Warehouse 13 "The Big Snag" Review: Here's Lookin' at You, Kid

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Warehouse 13 S04E13: "The Big Snag" 


Every week I get so pumped to maybe run into James Marsters and his crazypants immortal ex-wifey, but at least the current stretch of Warehouse 13 episodes has proven to be such a delightful improvement over much of the first half of the season that I don't actually mind the wait, and "The Big Snag" was no exception.

When an artifact went awry, Myka and Pete were thrown backward in time to the 1940s—but not just any part of the 1940s, and despite Pete and Myka's  experience with wibbly wobbly timey wimey stuff in the past, they found themselves slightly outside their realm of experience once they realized the snag in their newest time-travel adventure: They were actually in a writers's unfinished noir novel, complete with amazingly cheesy and occasionally nonsensical one-liners. Between the two of them, Pete's love of noir film and Myka's bookworm tendencies and fangirl crush for MIA author Anthony Bishop provided enough background that they were able to take it, and then embrace it, in all it's black-and-white glory. I particularly loved Pete pointing out that the black-and-white scenes weren't just a novel gimmick for the audience, but the actual canon color of the world around them.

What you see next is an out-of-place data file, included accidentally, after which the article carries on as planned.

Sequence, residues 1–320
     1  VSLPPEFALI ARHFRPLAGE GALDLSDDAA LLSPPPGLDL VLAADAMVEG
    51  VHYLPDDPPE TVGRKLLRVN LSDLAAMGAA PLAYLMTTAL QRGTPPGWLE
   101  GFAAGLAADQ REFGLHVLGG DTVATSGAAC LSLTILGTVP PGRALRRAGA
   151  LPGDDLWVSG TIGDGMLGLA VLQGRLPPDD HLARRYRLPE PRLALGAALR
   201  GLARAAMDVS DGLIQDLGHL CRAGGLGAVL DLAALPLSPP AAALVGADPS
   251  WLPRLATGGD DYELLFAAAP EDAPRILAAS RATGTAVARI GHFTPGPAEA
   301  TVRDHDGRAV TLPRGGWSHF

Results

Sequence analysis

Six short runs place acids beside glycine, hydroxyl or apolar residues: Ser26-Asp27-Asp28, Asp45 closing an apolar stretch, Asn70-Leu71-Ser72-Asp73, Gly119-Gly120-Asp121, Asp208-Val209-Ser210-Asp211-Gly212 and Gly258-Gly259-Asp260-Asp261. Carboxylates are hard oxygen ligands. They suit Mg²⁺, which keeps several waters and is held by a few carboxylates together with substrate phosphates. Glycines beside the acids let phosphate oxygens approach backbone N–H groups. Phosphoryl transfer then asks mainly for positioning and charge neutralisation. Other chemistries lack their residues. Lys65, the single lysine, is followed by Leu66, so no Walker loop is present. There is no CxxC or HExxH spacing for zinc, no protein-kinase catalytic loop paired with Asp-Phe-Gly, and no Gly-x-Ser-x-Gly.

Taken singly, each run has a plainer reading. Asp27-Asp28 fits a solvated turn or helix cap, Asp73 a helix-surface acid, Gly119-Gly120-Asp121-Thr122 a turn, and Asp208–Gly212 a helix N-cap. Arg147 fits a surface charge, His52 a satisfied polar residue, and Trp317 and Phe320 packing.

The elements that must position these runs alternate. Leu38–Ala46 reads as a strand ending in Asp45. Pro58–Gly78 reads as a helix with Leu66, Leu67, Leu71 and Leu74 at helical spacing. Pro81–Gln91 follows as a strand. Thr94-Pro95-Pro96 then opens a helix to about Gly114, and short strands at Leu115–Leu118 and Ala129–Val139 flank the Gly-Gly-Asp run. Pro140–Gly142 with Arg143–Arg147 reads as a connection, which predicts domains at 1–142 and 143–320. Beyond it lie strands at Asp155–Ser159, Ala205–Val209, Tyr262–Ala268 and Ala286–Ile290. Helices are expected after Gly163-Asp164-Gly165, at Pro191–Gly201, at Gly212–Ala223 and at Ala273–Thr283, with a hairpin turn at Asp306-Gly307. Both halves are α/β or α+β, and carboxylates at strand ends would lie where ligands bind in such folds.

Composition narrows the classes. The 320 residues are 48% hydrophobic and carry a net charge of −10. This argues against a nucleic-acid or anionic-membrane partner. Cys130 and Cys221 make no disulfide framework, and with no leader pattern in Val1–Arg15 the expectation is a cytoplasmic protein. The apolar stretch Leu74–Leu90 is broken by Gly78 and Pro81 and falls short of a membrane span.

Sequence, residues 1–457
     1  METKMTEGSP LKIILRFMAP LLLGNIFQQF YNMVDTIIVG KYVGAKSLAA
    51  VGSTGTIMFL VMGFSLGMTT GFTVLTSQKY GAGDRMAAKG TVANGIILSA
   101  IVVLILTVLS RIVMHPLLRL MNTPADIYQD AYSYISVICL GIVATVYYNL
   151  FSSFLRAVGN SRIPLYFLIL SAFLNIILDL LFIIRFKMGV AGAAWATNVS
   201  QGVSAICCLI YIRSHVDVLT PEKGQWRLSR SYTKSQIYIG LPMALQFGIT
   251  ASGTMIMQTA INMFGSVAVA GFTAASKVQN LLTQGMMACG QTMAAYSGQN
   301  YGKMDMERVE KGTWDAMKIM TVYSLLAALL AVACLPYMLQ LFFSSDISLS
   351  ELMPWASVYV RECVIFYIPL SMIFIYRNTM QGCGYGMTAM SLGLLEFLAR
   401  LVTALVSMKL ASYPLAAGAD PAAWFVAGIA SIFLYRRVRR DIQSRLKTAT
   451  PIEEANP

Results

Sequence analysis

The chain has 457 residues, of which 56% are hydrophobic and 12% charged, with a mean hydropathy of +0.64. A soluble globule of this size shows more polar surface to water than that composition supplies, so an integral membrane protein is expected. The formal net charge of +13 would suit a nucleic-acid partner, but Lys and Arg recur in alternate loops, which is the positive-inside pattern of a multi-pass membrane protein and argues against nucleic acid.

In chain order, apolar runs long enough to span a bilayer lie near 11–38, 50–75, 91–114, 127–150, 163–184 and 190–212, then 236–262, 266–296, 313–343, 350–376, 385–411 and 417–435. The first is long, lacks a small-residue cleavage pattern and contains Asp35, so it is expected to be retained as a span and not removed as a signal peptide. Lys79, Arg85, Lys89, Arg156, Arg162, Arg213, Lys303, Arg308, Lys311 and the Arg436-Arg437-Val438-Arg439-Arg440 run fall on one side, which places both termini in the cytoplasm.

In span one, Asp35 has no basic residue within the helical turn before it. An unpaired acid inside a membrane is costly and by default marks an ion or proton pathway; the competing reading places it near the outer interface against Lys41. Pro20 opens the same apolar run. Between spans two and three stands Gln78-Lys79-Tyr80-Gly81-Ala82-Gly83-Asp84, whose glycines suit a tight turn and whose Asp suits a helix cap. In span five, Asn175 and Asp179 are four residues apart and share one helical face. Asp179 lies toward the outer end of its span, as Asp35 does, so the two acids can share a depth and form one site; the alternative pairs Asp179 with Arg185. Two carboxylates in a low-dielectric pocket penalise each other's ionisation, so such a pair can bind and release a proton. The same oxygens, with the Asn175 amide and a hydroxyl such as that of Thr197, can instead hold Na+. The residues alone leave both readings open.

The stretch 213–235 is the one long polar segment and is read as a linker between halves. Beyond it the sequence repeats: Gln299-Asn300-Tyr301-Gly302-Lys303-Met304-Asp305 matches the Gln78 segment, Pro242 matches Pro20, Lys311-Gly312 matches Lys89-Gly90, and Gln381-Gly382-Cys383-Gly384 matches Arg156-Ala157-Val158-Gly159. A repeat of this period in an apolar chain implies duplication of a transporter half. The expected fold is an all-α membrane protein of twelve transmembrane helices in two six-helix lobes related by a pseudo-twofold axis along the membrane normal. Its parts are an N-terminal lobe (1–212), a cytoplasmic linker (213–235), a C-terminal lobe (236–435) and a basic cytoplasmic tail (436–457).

With that said, I'm not sure why the photos Syfy released for this episode are mostly in color except way to be lazy, Syfy. 

Also, I kept imagining Myka's dress as red and I don't appreciate having the illusion ruined. 

Back in our own time and relative dimension in space, Claudia and Steve tag-teamed Artie into taking on a case in the field, and while we all knew it was undoubtedly going to be at least a partial disaster—they did stop the bad guy, er, girl after all—even was kind of floored by Artie repeatedly flinging himself into peril. I see what you're trying to do, Clauds, and I feel ya and all, but maaaaaybe some baby steps were in order. While it seems like everyone at the warehouse, and especially Claudia, is desperate to put the incident with the astrolabe and the orchid and Leena's death behind them, Artie's own needs and concerns are being lost in the haste. The man has a lot to feel guilty about and it's not really unwarranted either. A little guilt can be a good thing, but Artie's guilt is definitely starting to head into unhealthy territory. However, throwing him back into work and hoping that he'll just fall back into the routine probably isn't the best approach—especially since working at the warehouse is anything but routine to begin with. 

Claudia's own healing is so deeply tangled up in Artie's that she needs him to hurry up and be okay for her own sake as much as for the decent-human-being impulses most people feel when they see their loved ones hurting. Artie is Claudia's father figure, he probably ties Jinks for BFF status, and even after she took him hostage that one time, he saw the potential in her both in terms of her genius and her morality. Even though Claudia was in a tough place when Artie was off the rails under the astrolabe's influence and the action she was forced to take really was for the best, it doesn't change the fact that she hurt someone she cares about and as a result, is currently tending her own guilt. 

Or not.